An Inside Look At Ron Thomas' Day At The District Attorney's Office and the Arraignment of The Two Fullerton Policemen Charged

As soon as Ron Thomas showed up at the district attorney's office around 10 a.m., reporters and members of "Kelly's Army" swarmed around him. That same clan would be there again an hour later when he learned that the D.A. charged two Fullerton policemen--Officer Manuel Ramos and Corporal Jay Cicinelli--in the beating death of his son Kelly Thomas, and again when he got to look both officers in the eye at their arraignment.

Around 10:15 a.m., Thomas said he knew it was rare for a D.A. to charge policemen. "Hopefully at least manslaughter for two officers. We would certainly have a renewed faith in this district attorney." 

Then, a few minutes before 11, when the press conference was slated to begin, news leaked that one officer had been charged with second-degree murder and another with manslaughter.
Ron rushed through the crowd of reporters and over to Dana and Melissa Pape, Kelly's stepmother and stepsister. He whispered in their ears and then all three of them hugged each other. As a misty-eyed Melissa looked up at her mother, Dana said, "That's good news, baby." 

Then, Ron headed toward a group of supporters from "Kelly's Army," and told them the news. "One for murder and one for manslaughter," he said. Some of the people cried, others stood still and one woman hoisted a sign with Kelly's picture on it into the air and said, "We finally got justice for Kelly." Ron smiled, hugged several people and said he was "ecstatic," but added that he still wanted to hear the news from the D.A. himself. "If this is all true, it'd make me believe the D.A. has done the right thing."

So he and several others walked to a TV news van and watched a live feed of District Attorney Tony Rackauckas' announcement. When Rackauckas said that he was, in fact, charging two officers, one with second-degree murder and one with manslaughter, Ron smiled slightly and nodded his head. 

From inside a TV news van, Ron Thomas watches a live feed of the press conference.
From inside a TV news van, Ron Thomas watches a live feed of the press conference.
Marisa Gerber/ OCWeekly

As she listened to Rackauckas describe, in detail, how Ramos threatened and beat her stepbrother, Melissa Pape's chin began to quiver and she looked up, before closing her eyes and burying her face in a Kleenex. Attorney Garo Mardirossian flung his arm over Ron Thomas' shoulder, shook his head and whispered to Ron: "They're telling the truth." Ron responded, "Yes they are." 

A few minutes later, the crowd, including Thomas and his attorney, burst into applause after Rackauckas said, "Citizens have a right to self defense--even against the police." As the press conference finished up inside, the crowd outside circled around Thomas, who said, "I'm very emotional. Extremely happy with the D.A." Mardirossian echoed that, saying, "We must recognize and praise the district attorney." 

The people in the crowd exchanged hugs and words of encouragement. "We, the people of 'Kelly's Army' believe that justice was served. Tony Rackauckas is a hero. He did his job. Thousands of citizens can rest assured that they will have a voice as long as he's the D.A.," said JoAnne AbuQartoumy.

Members of "Kelly's Army" consoling Kelly's step mom and step sister
Members of "Kelly's Army" consoling Kelly's step mom and step sister
Marisa Gerber/ OCWeekly

Some other members of "Kelly's Army," however, wanted more. "I think the other police should be held accountable and we still wanna see the video tape," said Charlotte Cianciola, who has attended several Saturday protests in front of the Fullerton Police Department.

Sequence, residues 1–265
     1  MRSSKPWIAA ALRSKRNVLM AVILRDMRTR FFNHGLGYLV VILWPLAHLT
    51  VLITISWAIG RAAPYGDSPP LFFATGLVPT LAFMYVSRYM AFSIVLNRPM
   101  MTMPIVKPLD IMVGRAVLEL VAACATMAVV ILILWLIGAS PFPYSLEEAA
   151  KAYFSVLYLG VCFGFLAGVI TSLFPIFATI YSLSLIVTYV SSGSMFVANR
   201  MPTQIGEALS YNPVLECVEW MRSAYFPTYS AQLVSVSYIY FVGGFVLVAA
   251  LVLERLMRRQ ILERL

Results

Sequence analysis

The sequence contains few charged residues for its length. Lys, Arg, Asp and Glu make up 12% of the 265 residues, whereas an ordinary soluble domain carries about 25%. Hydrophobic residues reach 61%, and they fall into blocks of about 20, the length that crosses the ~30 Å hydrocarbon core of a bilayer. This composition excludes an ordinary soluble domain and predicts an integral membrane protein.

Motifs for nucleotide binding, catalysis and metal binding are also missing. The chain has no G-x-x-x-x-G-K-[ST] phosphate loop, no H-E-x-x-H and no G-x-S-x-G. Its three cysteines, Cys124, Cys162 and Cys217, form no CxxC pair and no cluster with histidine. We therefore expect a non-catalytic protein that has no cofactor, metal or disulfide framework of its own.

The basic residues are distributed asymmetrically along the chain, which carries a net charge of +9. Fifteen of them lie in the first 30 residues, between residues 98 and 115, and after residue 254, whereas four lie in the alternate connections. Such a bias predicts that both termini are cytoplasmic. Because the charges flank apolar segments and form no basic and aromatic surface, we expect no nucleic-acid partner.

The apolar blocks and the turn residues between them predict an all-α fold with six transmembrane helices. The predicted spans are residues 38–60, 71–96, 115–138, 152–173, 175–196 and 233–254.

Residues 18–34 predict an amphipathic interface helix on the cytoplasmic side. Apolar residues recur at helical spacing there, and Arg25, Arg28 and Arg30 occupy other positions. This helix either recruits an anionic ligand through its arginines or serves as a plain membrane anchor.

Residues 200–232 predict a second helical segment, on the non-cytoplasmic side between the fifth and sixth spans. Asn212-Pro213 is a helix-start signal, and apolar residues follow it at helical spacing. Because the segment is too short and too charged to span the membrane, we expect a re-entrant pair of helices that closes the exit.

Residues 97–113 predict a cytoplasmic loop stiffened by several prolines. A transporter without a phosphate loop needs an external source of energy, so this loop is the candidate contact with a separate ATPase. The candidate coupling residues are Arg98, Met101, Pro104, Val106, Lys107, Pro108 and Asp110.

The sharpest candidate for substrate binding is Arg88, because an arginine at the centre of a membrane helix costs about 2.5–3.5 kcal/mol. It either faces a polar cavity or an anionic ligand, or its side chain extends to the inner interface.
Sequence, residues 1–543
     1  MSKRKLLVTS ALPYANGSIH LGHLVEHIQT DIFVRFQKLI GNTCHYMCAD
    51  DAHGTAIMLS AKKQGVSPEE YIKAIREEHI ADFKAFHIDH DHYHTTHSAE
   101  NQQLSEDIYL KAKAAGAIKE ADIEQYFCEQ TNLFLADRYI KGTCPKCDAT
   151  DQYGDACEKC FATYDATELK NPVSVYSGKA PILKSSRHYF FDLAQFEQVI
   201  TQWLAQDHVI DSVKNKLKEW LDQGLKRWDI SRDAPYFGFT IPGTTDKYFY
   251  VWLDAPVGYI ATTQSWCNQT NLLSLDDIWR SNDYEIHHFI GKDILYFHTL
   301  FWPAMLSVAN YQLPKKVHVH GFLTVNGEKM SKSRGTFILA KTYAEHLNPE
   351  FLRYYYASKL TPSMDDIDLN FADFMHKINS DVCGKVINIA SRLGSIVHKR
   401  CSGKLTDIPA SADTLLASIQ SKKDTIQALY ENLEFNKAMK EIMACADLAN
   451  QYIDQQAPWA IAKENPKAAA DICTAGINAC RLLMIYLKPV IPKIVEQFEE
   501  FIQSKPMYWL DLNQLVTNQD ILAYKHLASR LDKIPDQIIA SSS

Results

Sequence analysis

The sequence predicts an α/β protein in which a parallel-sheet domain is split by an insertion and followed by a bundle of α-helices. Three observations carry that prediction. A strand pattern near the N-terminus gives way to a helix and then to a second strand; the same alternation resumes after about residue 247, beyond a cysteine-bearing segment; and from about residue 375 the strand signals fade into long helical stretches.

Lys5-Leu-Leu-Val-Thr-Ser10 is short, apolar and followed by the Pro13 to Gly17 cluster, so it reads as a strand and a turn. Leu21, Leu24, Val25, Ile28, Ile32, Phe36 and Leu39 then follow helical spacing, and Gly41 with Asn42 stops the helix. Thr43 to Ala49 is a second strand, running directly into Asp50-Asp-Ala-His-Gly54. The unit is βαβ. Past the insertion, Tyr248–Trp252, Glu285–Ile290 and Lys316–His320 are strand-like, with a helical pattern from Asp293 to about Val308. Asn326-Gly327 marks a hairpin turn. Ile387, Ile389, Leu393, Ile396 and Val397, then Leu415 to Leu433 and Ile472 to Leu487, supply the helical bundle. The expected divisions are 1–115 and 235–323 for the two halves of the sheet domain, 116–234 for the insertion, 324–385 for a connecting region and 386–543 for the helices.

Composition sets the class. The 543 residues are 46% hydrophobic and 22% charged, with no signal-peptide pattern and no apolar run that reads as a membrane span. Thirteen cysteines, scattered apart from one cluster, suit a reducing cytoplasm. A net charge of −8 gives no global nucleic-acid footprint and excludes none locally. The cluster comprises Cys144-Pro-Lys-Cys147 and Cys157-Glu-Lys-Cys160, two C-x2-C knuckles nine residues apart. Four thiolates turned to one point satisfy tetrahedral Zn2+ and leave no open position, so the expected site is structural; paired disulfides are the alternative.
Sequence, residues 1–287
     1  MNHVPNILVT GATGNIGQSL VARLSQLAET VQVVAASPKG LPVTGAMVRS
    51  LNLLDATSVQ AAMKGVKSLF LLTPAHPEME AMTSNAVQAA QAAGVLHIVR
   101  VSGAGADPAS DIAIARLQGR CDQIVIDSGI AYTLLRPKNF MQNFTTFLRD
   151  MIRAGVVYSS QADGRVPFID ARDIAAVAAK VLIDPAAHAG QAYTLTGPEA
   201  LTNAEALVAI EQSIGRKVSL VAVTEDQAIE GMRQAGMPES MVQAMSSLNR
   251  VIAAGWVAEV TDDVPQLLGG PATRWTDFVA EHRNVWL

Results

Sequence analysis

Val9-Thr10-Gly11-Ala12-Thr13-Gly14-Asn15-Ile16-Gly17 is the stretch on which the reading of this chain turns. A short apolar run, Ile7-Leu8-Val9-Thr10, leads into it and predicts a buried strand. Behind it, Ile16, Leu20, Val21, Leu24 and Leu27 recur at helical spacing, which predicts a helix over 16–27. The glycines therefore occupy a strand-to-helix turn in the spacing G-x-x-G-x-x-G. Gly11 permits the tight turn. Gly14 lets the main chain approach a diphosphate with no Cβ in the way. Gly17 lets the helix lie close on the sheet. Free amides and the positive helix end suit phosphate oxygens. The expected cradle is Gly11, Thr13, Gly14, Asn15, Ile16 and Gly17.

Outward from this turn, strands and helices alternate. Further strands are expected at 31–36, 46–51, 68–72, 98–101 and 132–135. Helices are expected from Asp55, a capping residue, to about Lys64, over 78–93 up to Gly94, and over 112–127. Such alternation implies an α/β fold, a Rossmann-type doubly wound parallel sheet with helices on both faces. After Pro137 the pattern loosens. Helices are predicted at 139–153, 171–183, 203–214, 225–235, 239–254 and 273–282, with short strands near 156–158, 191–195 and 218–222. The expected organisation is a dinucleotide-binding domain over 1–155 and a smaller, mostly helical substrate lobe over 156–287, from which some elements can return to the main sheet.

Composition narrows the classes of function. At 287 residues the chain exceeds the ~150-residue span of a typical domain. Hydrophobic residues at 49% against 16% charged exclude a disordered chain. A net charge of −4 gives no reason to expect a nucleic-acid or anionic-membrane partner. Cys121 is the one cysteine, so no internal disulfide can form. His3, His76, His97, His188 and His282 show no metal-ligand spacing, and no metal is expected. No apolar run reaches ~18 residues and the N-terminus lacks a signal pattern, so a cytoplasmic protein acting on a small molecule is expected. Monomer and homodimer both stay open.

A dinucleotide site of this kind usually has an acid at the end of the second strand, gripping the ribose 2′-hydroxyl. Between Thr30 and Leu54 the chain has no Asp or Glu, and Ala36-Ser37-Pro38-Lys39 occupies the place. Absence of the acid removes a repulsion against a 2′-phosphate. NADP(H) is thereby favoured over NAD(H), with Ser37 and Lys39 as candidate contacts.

Mardirossian then whisked Thomas inside the building for a meeting with the district attorney. Thomas later told the Weekly that he was extremely pleased with how the meeting went, adding that Rackauckas answered every question he asked. "We're all on the same team now," Thomas said. 

After about an hour-long meeting, the men came out of the building and fielded a few questions from reporters. When asked what they talked about, Thomas said, "Obviously, I thanked him an awful lot." Later he said, "We came in here expecting the worst and we got the best." When asked about Rackauckas' decision not to charge the four other officers who were involved, Mardirossian said, "We have no criticism against him or the charges in this case." The attorney then stopped the press conference, but said he and Kelly Thomas' family would be at the officers' arraignment later in the afternoon. 

A few minutes before 2 p.m., a crowd poured into Judge Erick Larsh's courtroom, which is only a five-minute walk from the district attorney's office. Kelly Thomas' family and several members of "Kelly's Army" showed up to see what would happen in the two cases: People vs. Ramos and People vs. Cicinelli. 

Ramos, who wore and striped blue shirt and sat with his hands cuffed behind his back, pleaded not guilty, as did Cicinelli, who wasn't handcuffed, because he had already posted $25,000 bail. When Larsh asked Rackauckas, who is prosecuting the case, about his thoughts on Ramos' bail, Rackauckas deferred to Ron Thomas, who asked the judge not to reduce the bail. 

Thomas later told the Weekly that he got a look at Ramos when he went up to speak to the judge. "He looked the way he should--in handcuffs," Thomas said, adding that he thought both policemen looked like "cowards, lonely cowards." 

Michael Schwartz, who is representing Cicinelli, didn't answer any questions after the arraignment. "There will be a day, not today," he told reporters.

Cpl. Jay Cicinelli, left, and Officer Manuel Ramos at their arraignment
Cpl. Jay Cicinelli, left, and Officer Manuel Ramos at their arraignment
Pool photo by Paul Rodriguez/ The Orange County Register


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